Exploring Ocean Turbulence: 2016 Sloan Fellow Ryan Abernathey

by |February 23, 2016
A computer simulation from 2016 Sloan Fellow Ryan Abernathey shows eddies forming in mesoscale turbulence.

A computer simulation from 2016 Sloan Research Fellow Ryan Abernathey shows eddies forming in mesoscale turbulence. Watch a global simulation.

When you examine the behavior of the global oceans closely—really closely, at scales smaller than 100 kilometers—eddies and jets and fronts start to appear.

It’s called mesoscale turbulence, and it’s where the currents are the strongest and most of the kinetic energy in the oceans can be found. Mesoscale turbulence mixes heat and water from different parts of the oceans, as well as nutrients relied on by microbes like phytoplankton that are critical to ocean food chains and the air we breathe. Scientists are also discovering the potentially powerful roles it plays in the global climate.

For Ryan Abernathey, who was just awarded a 2016 Sloan Research Fellowship, this is where ocean physics gets interesting.

“We’re discovering that things that happen at those smaller scales have a big influence on really large-scale ocean circulation. The circulation that is overturning the whole ocean and influencing our climate depends on mesoscale turbulence,” Abernathey said.

The better scientists understand mesoscale turbulence, the better they will be able to analyze past climate behavior and represent today’s turbulence in climate models for more accurate forecasts. For example, glacial cycles are believed to involve changes in ocean overturning circulation. “What drives those changes? What are the knobs that control them? There’s evidence that the mesoscale is part of that story,” Abernathey said.

Ryan Abernathey

Ryan Abernathey

The Alfred P. Sloan Foundation chose Abernathey as one of its 2016 fellows for his success and his unique potential to make substantial contributions to the field of physical oceanography. One of his large contributions so far has been his work using satellite data and computer models to quantify spatial variability of mesoscale mixing processes on a global scale. He and his research group at Columbia University’s Lamont-Doherty Earth Observatory are also looking at how mesoscale turbulence varies through time, not just over seasons but also over decades, and how that connects to long-term climate variability.

When he’s not looking at the global picture, Abernathey—who also just became a new father—tends to focus on the Southern Ocean and influences on the Antarctic Circumpolar Current. His research has showed how mesoscale turbulence can buffer changes in the wind in the Southern Hemisphere, where the jet stream is shifting southward and strengthening, making ocean circulation less sensitive to wind changes than previously thought. He is currently working on understanding the role of sea ice in the Southern Ocean overturning circulation, among other projects.

Programming Meets Ocean Science

Mesoscale turbulence doesn’t fit in a lab, so Abernathey, who has been a programmer longer than he’s been a scientist, simulates that turbulence through high-performance computing.

He and his research group build models of the ocean, encode the laws of physics into those models, and then let the models do their thing. The scientists can learn, for example, how much heat eddies are transporting and about eddies’ role in maintaining ocean circulation.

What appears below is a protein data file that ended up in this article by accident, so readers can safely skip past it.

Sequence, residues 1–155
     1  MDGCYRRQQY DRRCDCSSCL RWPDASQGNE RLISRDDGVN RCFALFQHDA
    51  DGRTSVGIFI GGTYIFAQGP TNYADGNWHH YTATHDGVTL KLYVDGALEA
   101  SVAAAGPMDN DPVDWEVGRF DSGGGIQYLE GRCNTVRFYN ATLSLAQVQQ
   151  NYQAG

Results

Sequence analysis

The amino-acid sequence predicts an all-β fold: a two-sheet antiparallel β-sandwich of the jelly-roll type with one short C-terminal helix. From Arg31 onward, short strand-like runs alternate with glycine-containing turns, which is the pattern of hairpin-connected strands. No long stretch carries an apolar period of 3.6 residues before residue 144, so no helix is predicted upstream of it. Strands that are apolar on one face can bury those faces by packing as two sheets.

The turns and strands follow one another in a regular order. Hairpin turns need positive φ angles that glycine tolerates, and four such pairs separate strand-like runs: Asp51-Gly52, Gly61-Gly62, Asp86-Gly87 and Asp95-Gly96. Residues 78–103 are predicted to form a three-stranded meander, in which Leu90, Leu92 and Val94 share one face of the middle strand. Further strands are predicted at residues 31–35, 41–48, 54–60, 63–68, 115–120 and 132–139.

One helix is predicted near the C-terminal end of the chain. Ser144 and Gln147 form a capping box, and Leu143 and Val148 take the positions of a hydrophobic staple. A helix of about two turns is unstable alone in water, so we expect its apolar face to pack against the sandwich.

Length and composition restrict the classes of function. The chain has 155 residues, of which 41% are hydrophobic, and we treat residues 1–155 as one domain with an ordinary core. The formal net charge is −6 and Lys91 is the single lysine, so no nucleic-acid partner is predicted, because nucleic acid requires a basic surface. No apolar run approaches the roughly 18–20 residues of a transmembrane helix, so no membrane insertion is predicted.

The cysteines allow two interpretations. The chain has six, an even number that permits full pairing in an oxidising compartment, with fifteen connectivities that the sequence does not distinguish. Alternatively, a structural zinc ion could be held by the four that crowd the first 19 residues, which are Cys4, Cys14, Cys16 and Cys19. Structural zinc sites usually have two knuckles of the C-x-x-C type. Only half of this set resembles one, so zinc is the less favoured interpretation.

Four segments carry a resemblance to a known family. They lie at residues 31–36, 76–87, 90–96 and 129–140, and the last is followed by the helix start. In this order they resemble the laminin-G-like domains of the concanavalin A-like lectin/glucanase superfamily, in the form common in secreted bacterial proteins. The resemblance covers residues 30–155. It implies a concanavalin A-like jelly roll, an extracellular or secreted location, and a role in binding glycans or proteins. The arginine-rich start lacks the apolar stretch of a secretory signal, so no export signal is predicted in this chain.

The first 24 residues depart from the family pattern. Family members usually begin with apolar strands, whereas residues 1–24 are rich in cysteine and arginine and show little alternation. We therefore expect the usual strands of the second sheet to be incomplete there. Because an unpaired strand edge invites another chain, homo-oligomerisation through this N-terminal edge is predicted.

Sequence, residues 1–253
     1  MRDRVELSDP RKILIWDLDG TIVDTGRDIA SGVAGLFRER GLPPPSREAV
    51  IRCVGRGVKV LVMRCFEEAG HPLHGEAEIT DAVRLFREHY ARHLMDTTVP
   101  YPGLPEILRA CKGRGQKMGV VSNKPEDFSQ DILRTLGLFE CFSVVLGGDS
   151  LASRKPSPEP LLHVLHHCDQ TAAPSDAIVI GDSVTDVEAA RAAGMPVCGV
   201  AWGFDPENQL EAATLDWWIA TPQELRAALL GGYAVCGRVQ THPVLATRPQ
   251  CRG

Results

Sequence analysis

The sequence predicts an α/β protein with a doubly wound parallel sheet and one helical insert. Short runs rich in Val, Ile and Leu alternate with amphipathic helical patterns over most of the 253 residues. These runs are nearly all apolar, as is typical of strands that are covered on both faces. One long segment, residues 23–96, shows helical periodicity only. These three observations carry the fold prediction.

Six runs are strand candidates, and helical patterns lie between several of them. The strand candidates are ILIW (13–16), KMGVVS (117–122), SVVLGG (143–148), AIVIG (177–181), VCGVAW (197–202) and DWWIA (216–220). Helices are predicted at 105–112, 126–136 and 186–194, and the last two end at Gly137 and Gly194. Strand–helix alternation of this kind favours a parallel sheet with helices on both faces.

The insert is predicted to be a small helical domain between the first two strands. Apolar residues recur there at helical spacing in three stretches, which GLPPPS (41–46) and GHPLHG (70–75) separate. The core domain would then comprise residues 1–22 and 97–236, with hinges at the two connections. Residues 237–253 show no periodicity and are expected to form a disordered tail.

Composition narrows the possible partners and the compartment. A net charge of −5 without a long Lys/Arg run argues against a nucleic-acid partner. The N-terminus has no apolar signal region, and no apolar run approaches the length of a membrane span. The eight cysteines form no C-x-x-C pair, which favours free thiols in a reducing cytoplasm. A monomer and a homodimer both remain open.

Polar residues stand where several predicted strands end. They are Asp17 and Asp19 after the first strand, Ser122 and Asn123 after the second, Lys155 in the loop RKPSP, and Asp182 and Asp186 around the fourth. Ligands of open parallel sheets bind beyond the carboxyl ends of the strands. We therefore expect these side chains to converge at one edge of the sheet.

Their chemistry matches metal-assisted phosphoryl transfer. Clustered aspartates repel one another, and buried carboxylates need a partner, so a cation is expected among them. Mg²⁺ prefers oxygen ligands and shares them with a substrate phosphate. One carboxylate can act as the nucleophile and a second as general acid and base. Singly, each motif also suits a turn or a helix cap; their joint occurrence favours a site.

“Twenty years ago, the models were way too coarse to resolve the fundamental length scale that would allow us to see mesoscale turbulence. Now we’re developing the ability to resolve this scale, and because of that, our models spontaneously develop this turbulence,” Abernathey said.

Of course this isn’t happening on a standard laptop. Abernathey’s group participates in Columbia University’s Yeti high-performance computing cluster, a shared system that can handle the small simulations. For larger simulations, they turn to the Yellowstone supercomputing cluster run by the University Corporation for Atmospheric Research.

Abernathey is big believer in the power of open source code for expanding scientific progress, and he publishes much of his research code online.

‘An Outstanding Young Scientist’

The Sloan Research Fellowship provides $55,000 over two years to help early-career scientists finance their research, which could come in handy for the group’s computing needs. Abernathey was also awarded a larger, five-year NSF CAREER grant in February to work on the evolution of ocean mesoscale turbulence in a changing climate.

“Ryan is an outstanding young scientist whose research is having broad impact on our understanding of ocean dynamics, particularly at shorter horizontal scales not previously well represented in general circulation models, as well as in the visualization of dynamic systems. The Sloan Fellowship provides wonderful recognition of Ryan’s contributions and promise,” said Lamont Director Sean Solomon. “My colleagues and I look forward eagerly to the products of the new research that this fellowship will enable.”

Lamont Professor Arnold Gordon, who works with Abernathey and had taught graduate courses alongside him in physical oceanography, described him as “a major player” in the field.

“His creativity, quantitative analysis skills, his broad range of talents in ocean dynamics, his ability to work with the large observational data and model output (within the confines of principles of basic fluid dynamics) is evident,” Gordon said. “It offers great potential to put it all together.”

Other 2016 Sloan Fellows from Columbia University include Matei Ciocarlie, Roxana Geambasu and Daniel Hsu in computer science; Cory Dean in physics; and Marcel Nutz in mathematics.

Learn more about Abernathey’s research and the work underway at Lamont-Doherty Earth Observatory.

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